Before the start of last season, Keith Kinkaid signed a 2 year, $1.45 million contract to be the designated backup goaltender for the New Jersey Devils behind all-star Cory Schneider. It was a move that was generally praised, if not overly lauded. Keith was in his mid-20s, still had room for growth, and was coming off a season where he had a .915 save percentage in 13 starts plus other relief appearances. The two year deal was great because it meant that he would be able to showcase his skills over these two years and try to sell that he could be a starter somewhere. And if he could not show that, well he could always most likely get another deal to stay a backup.
Last season, while he did spell Schneider more often, it did not lead to better numbers. He was not a detriment, he did not have sub-.900 save percentage numbers, but he was not quite as good as he was the previous year. Over 20 starts and a couple relief appearances, he posted a .904 save percentage and a 2.81 goals against average, both numbers worse than the year prior. He even strength save percentage was a little better at .908, but still it was nothing to get excited about, although his special teams save percentages were actually better than Schneider’s, albeit in a much more limited sample. In comparison, Schneider had an even strength save percentage of .933 last season in 58 starts, with a .924 save percentage overall.
This season, with the high number of back-to-back sets that the Devils will see (as always), it can be reasonably expected that Kinkaid will see another 20 starts or so. If Schneider stays healthy the entire season that number may drop a little, but I would not expect to see Cory play more than around 65 games or so. So even then, the Devils will be relying on Kinkaid for at minimum 15+ starts.
While that may not seem like an incredibly high number of games, it is not an insignificant amount either. 17 starts is just over 20% of the entire season, so we can say that within a couple starts, Kinkaid may end up manning the net for 1 out of every 5 regular season games. They cannot simply be thrown away because Cory is not playing. Kinkaid will need to play well, and I believe that he will need to be better than he was last season, returning to his 2014-15 form at the worst, if the Devils really want to improve and push for a wild card position.
Given his .904 save percentage last year, the Devils’ record with him in net was a very mediocre 9-9-1. Of course, the team was a very mediocre 27-25-6 with Schneider in net too, so that may not say too much. But this season, there should be some expectations for this team to improve over its performance from last season. The rebuild may still be on, but things should be improving at least somewhat. And part of that improvement should be more wins, and wins under Kinkaid will matter.
Let’s face it: as Mike wrote, the best we can hope for is a mediocre offense from this team this season, and that in itself may be a lofty goal given the 30th rank the team held last season. Given that knowledge, it means that most wins will need to be of the 2-1 variety, maybe 3-2 or somewhere around there. Simply put, the goaltending will need to be great. With Cory, we know that we will see greatness most nights. With Kinkaid, we may not see greatness, but we need to see more than mediocre, which is what .904 is. .915 is good, and that improvement in him this season could very well lead to a couple more wins. Turning a 9-9-1 record last year to a 11-6-2 record this year would be a 5 point improvement in the standings, and I do not believe that to be an unreasonable expectation for Kinkaid. Again, he is only 27, and still has room for growth. We have seen flashes of brilliance from him. He did post two shutouts last season, and I still remember watching him stuff Steven Stamkos in his first game in the pros. The ability is there.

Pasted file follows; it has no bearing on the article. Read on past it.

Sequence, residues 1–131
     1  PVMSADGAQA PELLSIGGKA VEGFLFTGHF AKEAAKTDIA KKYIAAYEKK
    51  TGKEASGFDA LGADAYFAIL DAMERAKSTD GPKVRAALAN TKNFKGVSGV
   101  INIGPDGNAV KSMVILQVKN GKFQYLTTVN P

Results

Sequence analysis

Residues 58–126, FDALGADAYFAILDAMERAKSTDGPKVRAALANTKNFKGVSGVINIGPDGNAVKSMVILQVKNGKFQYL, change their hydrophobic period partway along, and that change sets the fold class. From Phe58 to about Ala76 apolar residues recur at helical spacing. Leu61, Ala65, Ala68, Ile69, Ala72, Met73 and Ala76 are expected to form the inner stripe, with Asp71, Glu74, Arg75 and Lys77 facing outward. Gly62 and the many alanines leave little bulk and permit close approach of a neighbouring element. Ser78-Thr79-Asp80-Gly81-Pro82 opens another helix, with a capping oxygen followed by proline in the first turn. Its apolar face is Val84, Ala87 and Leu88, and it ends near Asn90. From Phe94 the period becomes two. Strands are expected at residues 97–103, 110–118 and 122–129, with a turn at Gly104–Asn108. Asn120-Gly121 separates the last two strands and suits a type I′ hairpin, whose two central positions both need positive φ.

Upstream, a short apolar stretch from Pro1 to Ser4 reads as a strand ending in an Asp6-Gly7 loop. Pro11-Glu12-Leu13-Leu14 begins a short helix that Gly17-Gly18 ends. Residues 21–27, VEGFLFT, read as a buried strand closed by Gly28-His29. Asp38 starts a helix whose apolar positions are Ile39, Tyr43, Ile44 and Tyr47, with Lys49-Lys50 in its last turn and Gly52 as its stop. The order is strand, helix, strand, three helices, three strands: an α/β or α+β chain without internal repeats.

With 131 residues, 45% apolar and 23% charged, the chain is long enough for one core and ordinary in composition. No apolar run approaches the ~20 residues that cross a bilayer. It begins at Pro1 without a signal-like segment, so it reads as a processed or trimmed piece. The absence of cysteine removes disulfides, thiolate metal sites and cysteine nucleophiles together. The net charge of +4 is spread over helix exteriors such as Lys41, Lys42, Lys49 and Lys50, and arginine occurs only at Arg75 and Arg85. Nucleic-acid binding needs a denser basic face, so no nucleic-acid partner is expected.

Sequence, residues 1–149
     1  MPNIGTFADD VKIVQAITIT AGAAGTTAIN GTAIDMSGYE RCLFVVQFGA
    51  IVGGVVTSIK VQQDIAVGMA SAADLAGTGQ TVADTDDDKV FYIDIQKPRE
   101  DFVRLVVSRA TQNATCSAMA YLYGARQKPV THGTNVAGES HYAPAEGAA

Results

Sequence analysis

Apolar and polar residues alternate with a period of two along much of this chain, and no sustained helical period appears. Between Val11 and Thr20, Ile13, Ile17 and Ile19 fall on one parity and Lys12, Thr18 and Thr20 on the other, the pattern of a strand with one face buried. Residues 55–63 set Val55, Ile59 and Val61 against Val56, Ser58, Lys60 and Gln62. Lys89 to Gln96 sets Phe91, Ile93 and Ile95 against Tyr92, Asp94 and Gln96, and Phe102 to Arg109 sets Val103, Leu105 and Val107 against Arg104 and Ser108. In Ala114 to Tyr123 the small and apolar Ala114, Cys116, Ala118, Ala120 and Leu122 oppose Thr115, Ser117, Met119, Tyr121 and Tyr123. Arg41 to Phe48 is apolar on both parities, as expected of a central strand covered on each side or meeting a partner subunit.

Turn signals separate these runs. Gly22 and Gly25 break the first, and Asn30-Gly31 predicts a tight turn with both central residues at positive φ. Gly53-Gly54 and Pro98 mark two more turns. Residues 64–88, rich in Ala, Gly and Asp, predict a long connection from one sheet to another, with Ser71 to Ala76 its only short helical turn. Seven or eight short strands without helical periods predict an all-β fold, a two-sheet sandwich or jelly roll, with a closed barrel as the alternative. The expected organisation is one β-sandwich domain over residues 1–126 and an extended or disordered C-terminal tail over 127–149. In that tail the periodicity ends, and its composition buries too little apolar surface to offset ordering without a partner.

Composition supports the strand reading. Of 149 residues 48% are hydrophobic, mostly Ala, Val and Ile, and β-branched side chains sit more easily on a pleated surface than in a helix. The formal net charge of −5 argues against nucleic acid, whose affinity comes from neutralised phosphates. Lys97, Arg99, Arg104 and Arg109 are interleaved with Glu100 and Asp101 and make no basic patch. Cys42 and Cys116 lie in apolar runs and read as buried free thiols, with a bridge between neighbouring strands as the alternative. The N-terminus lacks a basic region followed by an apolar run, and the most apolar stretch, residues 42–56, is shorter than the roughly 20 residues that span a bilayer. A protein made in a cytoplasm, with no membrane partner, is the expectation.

In the end, that 5 point improvement in the standings may not seem like too much, but if that improvement is coming solely from the games that Schneider is not playing, then good things are happening. Last year NJ had 84 points. Add 5 from backup goaltending, and you’re at 89. If Schneider can improve his record to add 7 points, now you’re at 96, which is wild card potential. And in all honesty, if Schneider can produce another .933 even strength save percentage this year, he should end up with a better record than 27-25-6. That was really the product of a bad offense in front of him, and if it improves at all, that record will certainly improve.
To me, while I feel like offensive improvement will be tough, even with the addition of Taylor Hall and hopefully production from Pavel Zacha and perhaps a fully healthy Michael Cammalleri, improvement from Kinkaid should not be the difficult part. For the Devils to improve and really go from a rebuild to a competitive team, they need improvement in almost every facet. Offense needs to see the most improvement, but backup goaltending should not be entirely overlooked either. Starting goaltending is as solid as they come, but as I said, I highly doubt that Cory will reach 70 starts. 65 would be the most I would guess, and it could even be less. The 20% of games where Cory is not playing, the Devils should not settle for mediocre goaltending. Just because Kinkaid is a backup does not mean that he should be alright with mediocrity, the team should not be alright with it, and we as fans should not be alright with it. A better season from him would mean a better season from the team overall, and perhaps would further the boost towards playoff potential.
What do you think about the Devils’ backup goaltending situation this season? Do you think that Kinkaid can improve this year? What are your expectations for him? How much better does he need to improve so that the Devils can become more competitive? Please leave your comments below, and thanks for reading.